Category: Financial Transactions
Fatwa#: 21027
Asked Country: United States

Answered Date: May 12,2012

Title: Could you please clarify the rules of purchasing gold, silver, and currencies?

Question

Could Could you please clarify the rules of purchasing gold, silver, and currencies?

Answer

In the Name of Allah, the Most Gracious, the Most Merciful.

 

As-salāmualaykum wa-rahmatullāh wa-barakātuh.

 

Introduction

 

As a Muslim, one recognizes that the purpose of his creation is the worship of his Creator. He makes a conscious effort to stay away from whatever is prohibited. He practices upon the ways of his beloved Prophet (peace and blessings be upon him), and he strives to achieve the pleasure of his Lord. There can be no bigger calamity in the life of a Muslim than to incur the displeasure of his Lord, the epitome of which is the declaration of war from the One he worships and the one on whose path he follows, i.e. his glorious Allah Ta’ālā and his beloved Prophet (peace and blessings be upon him). Allah Ta’ālā announces in the Quran,

 

يَا أَيُّهَا الَّذِينَ آمَنُوا اتَّقُوا اللَّهَ وَذَرُوا مَا بَقِيَ مِنَ الرِّبَا إِنْ كُنْتُمْ مُؤْمِنِينَ * فَإِنْ لَمْ تَفْعَلُوا فَأْذَنُوا بِحَرْبٍ مِنَ اللَّهِ وَرَسُولِهِ وَإِنْ تُبْتُمْ فَلَكُمْ رُءُوسُ أَمْوَالِكُمْ لَا تَظْلِمُونَ وَلَا تُظْلَمُونَ (البقرة: 278-279)

O you who believe, fear Allah and leave whatever interest remains, if you are believers. And, if you do not, then take notice of war from Allah and His Messenger. But, if you repent, you shall have your capital. Do not deal unjustly and you shall not be dealt with unjustly. (Quran: 2:278-279)

 

Alhamdulillah, many Muslims have prevented themselves from engaging in interest through avoiding conventional mortgages, by opening non-interest paying bank accounts, and other similar methods of paying/accepting interest payments. However, many are unaware that interest may occur in other forms of transactions, as well, even when there is no reference to the word “interest,” such as transactions related to gold and silver and transactions associated with the purchase (or exchange) of currencies.

 

Interest (Ribā) Explained

 

In order to avoid interest, one must first understand what constitutes it. Interest may occur in a transaction when trading two commodities (i.e. what the purchaser gives to the seller and what the seller gives to the purchaser) if:

1.      The items are measured in either weight or volume (makīlī or mawzūnī), and/or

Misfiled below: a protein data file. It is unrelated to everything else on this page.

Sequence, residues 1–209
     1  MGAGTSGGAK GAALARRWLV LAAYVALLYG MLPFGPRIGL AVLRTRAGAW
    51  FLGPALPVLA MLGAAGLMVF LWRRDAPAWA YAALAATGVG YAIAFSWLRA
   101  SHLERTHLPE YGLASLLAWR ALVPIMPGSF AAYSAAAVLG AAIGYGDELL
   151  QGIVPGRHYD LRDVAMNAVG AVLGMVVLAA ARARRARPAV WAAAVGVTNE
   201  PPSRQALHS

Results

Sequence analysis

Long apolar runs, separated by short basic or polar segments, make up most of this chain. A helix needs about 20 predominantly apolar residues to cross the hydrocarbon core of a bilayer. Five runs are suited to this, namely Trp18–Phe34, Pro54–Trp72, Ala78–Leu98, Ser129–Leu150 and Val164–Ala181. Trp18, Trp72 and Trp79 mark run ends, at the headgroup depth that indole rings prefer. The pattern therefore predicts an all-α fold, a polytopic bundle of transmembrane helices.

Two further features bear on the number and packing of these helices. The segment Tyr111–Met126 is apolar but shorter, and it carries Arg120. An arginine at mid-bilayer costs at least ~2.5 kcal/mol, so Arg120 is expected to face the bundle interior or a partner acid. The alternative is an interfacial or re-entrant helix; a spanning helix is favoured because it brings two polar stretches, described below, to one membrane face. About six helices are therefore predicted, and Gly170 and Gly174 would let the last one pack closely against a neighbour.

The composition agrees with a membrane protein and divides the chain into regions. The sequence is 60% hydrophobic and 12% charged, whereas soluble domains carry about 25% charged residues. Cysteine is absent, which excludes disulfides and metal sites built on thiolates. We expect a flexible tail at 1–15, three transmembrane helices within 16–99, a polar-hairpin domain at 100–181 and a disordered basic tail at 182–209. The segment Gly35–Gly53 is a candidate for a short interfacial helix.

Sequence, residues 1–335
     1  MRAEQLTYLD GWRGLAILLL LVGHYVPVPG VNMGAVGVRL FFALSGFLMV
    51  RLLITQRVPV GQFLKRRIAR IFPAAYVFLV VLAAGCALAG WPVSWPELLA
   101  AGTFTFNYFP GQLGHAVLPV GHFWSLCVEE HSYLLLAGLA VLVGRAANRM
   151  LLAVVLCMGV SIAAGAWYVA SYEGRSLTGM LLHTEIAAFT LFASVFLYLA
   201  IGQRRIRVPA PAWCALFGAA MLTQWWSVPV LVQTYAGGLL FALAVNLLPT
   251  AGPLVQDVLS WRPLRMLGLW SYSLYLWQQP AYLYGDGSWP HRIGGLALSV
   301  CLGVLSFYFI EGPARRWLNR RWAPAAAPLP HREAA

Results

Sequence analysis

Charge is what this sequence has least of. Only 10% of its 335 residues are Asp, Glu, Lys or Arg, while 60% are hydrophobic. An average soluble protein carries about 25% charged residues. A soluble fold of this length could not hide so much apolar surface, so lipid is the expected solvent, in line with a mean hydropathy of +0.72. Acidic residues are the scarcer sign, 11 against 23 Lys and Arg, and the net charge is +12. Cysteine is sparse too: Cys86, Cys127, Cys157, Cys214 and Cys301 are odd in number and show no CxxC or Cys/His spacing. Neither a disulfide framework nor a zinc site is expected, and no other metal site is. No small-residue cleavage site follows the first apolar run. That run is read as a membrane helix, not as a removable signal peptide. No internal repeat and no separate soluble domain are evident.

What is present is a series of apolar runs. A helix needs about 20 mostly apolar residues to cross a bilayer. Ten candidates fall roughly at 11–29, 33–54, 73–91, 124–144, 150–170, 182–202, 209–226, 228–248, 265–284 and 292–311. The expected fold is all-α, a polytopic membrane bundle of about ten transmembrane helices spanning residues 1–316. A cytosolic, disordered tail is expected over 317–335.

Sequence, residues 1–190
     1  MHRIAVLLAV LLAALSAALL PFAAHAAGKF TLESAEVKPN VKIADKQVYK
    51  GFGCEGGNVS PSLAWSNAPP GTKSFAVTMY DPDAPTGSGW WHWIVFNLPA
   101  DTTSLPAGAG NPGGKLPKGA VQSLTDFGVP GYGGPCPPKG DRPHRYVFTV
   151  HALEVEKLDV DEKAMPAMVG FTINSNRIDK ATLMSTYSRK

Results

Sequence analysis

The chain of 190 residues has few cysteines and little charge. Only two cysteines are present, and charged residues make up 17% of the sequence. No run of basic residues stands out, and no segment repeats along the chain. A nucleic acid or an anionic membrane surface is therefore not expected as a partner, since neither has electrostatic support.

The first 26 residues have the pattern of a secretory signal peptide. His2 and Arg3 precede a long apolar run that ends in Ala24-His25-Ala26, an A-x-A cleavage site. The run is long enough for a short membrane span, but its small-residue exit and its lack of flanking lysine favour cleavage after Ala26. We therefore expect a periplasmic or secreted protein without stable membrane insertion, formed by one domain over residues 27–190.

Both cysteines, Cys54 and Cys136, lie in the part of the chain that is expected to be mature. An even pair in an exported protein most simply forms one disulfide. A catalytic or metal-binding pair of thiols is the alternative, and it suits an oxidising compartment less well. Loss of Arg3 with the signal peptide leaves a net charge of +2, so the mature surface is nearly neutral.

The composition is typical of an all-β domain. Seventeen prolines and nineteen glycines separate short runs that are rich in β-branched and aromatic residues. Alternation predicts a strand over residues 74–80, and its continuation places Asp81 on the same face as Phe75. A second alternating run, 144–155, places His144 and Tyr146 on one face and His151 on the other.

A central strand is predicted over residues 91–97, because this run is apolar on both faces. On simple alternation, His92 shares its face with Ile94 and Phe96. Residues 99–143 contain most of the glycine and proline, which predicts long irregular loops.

2.      The items are of the same species (jins)

 

If both commodities contain the above two characteristics, then it is necessary to trade them both in equal amounts (tasāwī) and in a cash (as opposed to credit) transaction, where both parties take possession in the same gathering. If the two items are traded in unequal amounts, this constitutes Ribā al-Fadl, which is interest due to an increase on one side. If the transaction is on credit, such that one (or both) of the parties does not take possession in the same gathering, then this will also constitute Ribā al-Nasī’ah, which is interest due to a delay in taking possession.

 

For example, if two people trade one type of wheat for another type of wheat, then it is necessary for both parties to trade in equal amounts (for example, five kilograms of wheat from each side) and in a cash transaction. This is because wheat is measured in volume and both the commodities are the same (i.e. wheat). Hence, if they trade four kilograms of wheat for five kilograms of wheat, this will constitute Ribā al-Fadl. Additionally, if one (or both) party also trades on credit, it will constitute Ribā al-Nasī’ah.

 

On the other hand, if only one out of the two characteristics is found, then Ribā al-Fadl would not apply. However, it is still necessary for it to be a cash transaction, although, in this case, possession from one of the two parties would also suffice. If at least one of the two parties does not take possession in the same gathering, it would constitute Ribā al-Nasī’ah.

 

For example, if one person trades four kilograms of wheat for five kilograms of barley, then this is permissible, as long as at least one of the two parties takes possession of the goods in a cash transaction, since wheat and barley are both measured in volume, but they are different species. Similarly, if one person trades four pens of Brand A for five pens of Brand B, this is permissible, as long as at least one of the two parties takes possession in a cash transaction, since both are of the same species (i.e. pens), but they are not measured in weight or volume. Rather, they are determined by count.[1] Thus, only one out of the two characteristics exists in such a scenario.

 

Finally, if neither characteristic is found, then the items may be traded in any quantity and a cash transaction is not necessary. For example, if one person trades four pens for five pencils, it is permissible and neither party is required to take possession of the other’s goods in the same gathering. This is because pens and pencils are not measured in weight or volume, nor are pens and pencils from the same species.